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Nushabad, the Biggest Underground City of Iran

Nushabad, the Biggest Underground City of Iran
Photo by Karen Minasyan

When the village man put his pickaxe in the yard to dig a sewage ditch, he hadn’t had any estimation that he was living on a precious archaeological site. In the plain lands near Kashan, a marvellous buried city exists in the depth of 18 meters down in the surface. Nushabad or Oui underground city is a labyrinthine network used as a safe shelter for centuries. Carved chambers, tunnels, stairs, air ducts, and canals prove that this city is an original architecture and engineering marvel of the ancient world.

Kashan and a bunch of attractions around it

Kashan is a touristic spot at the heart of Iran, in Isfahan Province. There are numerous unique attractions inside and around this historic city like trekking Deserts or wandering through old houses of the town. The mysterious underground city of Nushabad is one of these attractions. Eight kilometres away from Kashan, you can visit the biggest underground city in Iran. Like Edinburgh Vaults, in the United Kingdom, or Derinkuyu in Turkey, Noosh Abad is a multi-level underground city. 

Archaeological excavations show that this city was built during the Sassanid era, about 1500 years ago. It was populated in the following periods of Seljuk and Safavid until the Qajar era. This underground city used to offer a joyful escape from the harsh hot weather of the region as the temperature is significantly low under the surface. Nushabad city was also a secure sanctuary against the raids and sudden attacks of foreign invaders.

nushabad underground city
Nushabad hidden city beneath the surface, Unknown

An interesting visit beneath the surface

There are several entrances to reach the subterranean City, some in specific houses of the inhabitants and others in the main gathering places like the main fort of the city, the mosque, and the bazaar. The whole subterranean area is equal to four kilometres. The depth of this hideout spot varies between three and eighteen kilometres at different parts. It is neither too deep to reach water tables and wet ground, nor too shallow with not enough living space.

The city was built in three levels and vertical spacious shafts connect each level to the lower one. Inhabitants dug chains of twisted passages, canals, chambers, staircases, water and food reservation spaces, toilets and air ducts with bare hands. Every family had a private room. Like hotel corridors, tunnels are connecting these spaces.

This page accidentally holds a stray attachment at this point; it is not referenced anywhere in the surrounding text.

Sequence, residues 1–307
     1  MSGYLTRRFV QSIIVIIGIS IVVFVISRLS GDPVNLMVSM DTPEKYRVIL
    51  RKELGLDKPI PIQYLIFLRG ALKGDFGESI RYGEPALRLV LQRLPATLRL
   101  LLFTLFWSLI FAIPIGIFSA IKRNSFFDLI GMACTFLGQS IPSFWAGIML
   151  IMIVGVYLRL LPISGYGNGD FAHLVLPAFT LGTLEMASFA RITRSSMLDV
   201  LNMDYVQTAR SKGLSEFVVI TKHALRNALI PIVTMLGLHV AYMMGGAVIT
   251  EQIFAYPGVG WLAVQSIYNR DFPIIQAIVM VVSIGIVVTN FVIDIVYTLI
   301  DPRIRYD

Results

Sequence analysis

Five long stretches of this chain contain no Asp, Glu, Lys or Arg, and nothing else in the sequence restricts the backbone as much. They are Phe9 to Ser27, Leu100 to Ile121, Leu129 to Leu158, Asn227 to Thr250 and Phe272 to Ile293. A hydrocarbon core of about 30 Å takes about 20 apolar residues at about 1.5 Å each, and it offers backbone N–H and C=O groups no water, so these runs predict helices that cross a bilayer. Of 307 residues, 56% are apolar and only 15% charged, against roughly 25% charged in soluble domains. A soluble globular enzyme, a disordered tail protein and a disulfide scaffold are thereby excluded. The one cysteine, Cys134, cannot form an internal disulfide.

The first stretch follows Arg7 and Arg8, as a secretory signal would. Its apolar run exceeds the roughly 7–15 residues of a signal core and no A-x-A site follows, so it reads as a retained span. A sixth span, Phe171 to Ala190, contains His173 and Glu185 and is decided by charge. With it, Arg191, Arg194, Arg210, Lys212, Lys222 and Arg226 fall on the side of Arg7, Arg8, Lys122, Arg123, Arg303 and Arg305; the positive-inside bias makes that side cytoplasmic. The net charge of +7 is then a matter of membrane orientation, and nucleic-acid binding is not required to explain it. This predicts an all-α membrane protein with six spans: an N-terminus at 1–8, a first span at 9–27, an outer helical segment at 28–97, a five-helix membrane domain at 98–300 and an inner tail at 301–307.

The residents planned for every need and necessity so they could easily live several days at this safe place. For instance, to light up the space, they designed small niches along the corridors to put tallow oil lamps in them. 

nushabad buried city kashan
A whole city in the earth, Unknown

The ventilation system is an awe-inspiring technique. Constructed vertical ducts passing through levels ventilate the air based on the differences of air pressure on the earth surface and inside the subterranean town. Air canals were erected beside Qanats, the chain of dug aqueducts, so the circulated air was always cool and fresh even in summer. 

Safe Shelter at the time of Invasions

Since the whole structure is invisible beneath the earth, no one could guess that there should be an entire city under the visible houses of the village. Moreover, in case of finding this secret refugee, they wisely designed the passages. These passages are too narrow that only one person can walk through, and the height is nearly the same as a man height, 170-180 centimetres. But at some parts, the height is 120 centimetres so to pass through them one should bend his/her head. To resist against enemies they built the passages in curve forms also dug deep holes with rotating stones as the covers, so that any foreigner stepping on them would fall.

Nushabad underground city is a member of the Iran National Heritage Site list. If you have never experienced visiting an underground city, put it on your must-to-do list for sure.

By Samaneh Zohrabi / TastIran

No part of this content including texts, photos, and itinerary may be republished or distributed in any form or by any means without the prior written permission and referring to TasteIran.
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